When using asychronous call, is there a way to view and/or kill running clones? Let me explain the structure of my program a bit.
I'm developing a testing suite that can read in test script files and run different (or the same) tests on multiple devices hooked up to a NI chassis with AO modules. The two major components of my program are the CommandParserQueuer (CPQ) and the CommandExecutor (CE). A command queue is created during initialization.The CPQ reads in the script files, translates them into commands, and adds those to the command queue. The commands are bundles of enum states and any data necessary to carry out that action. The CE is a queued state machine. When the queues start getting filled, the CE dequeues elements and performs the actions (e.g. set AO voltage, read data from device, restart device, etc.).
On program quit, a shutdown command is sent to the CE, which just sets the while loop stop to true and allows it to exit. All of this worked fine until I implemented the ability of running multiple tests at once, which meant starting multiple instances of the CE with Start Asychronous Call (options x80 and x40).
Because of my design, I have to run a while loop inside the async calls, which goes against the recommended practice of not doing that. During initalization, I create a command queue and CE for each device plugged in. For example, if I have two devices Device1 and Device 2, two queues are created with those names and two CEs are called with references to those queues. The CEs then sit idle until the queues get filled with elements.
The problem I'm having is that sometimes, but not always, code blocks inside the CEs are throwing errors, and also the CEs do not shutdown as instructed. I have to exit LabView all together. I'd also like to highlight the execution of the clones. Is that possible?
Solved! Go to Solution.
Labview really needs a task manager but doesn't ahve one. However with that said, you could try and make another queue,notifier or event within the each spawned vi's that sends information back to your launcher such as a reference to that vi or its clone id. From that information you could then selectively shut down your spawned vi's instead of shutting them all down. Also this vi reference would allow you to open the front panel and trace execution.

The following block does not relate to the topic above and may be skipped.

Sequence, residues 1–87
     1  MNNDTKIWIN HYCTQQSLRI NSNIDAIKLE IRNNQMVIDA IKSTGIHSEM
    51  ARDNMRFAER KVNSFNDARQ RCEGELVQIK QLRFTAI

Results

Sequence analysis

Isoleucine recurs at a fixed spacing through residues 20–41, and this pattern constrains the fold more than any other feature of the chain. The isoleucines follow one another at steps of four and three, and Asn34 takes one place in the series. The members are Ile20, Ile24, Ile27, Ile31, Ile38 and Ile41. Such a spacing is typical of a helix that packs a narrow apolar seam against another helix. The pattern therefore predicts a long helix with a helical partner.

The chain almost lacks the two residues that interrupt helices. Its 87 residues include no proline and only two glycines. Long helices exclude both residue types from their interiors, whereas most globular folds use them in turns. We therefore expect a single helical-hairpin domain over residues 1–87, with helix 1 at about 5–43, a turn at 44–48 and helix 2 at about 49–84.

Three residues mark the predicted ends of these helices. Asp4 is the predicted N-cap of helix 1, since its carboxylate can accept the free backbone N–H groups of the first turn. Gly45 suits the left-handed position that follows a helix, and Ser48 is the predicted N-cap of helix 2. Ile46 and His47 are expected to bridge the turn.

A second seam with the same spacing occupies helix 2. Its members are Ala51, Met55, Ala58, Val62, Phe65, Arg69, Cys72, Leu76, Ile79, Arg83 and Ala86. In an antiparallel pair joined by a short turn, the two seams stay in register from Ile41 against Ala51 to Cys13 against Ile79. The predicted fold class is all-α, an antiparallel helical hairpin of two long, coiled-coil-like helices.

Its a pain, i'm dealing with the same thign right now. Maybe others on the forum have better ideas.
You could look at the actor framework as well. It will spawn clones for you and give a queue for communicating with directly with them. You still have to make a table to identify queues, but it might help with your program.
Going from one instance to multiple instances has a several pitfalls. You seem to have successfully navigated some of them, but not all. As Jed394 mentioned, the actor framework should help with start and shutdown, but it sounds like your error is more due to a shared resource conflict. That resource conflict could be either hardware or software. Some things to look for:
Good luck. Let us know if we can help more.
A task manager of sorts is what I was looking for. It's too bad we don't have one. The actor framework looks interesting. It would require a substantial rewrite of my code, but I'll try it out.
I did figure out my problem. It was a resource conflict of sorts. I have LabView import DLLs to communicate with the equipment I'm testing, and those libraries do not like receiving commands for the same device from multiple threads. That shouldn't happen in my LabView program, except in a case where a user clicks a certain button while a test is running. My short term fix was to insert that action in front of that device's command queue. In the long term, I need to rewrite my DLL to also put commands in a queue.
Anyway, thanks for the help guys.
A straighforward way out of this problem is to create a queue based processing loop for the resource in question. All requests then go to this loop (this is an "actor") via the queue. The loop can keep track of the state of the device and serializes access to the device to avoid problems. You don't even need a subVI to do this, just add another loop to your block diagram. I would probably implement it as a subVI (free-running, at that), but that is a personal choice.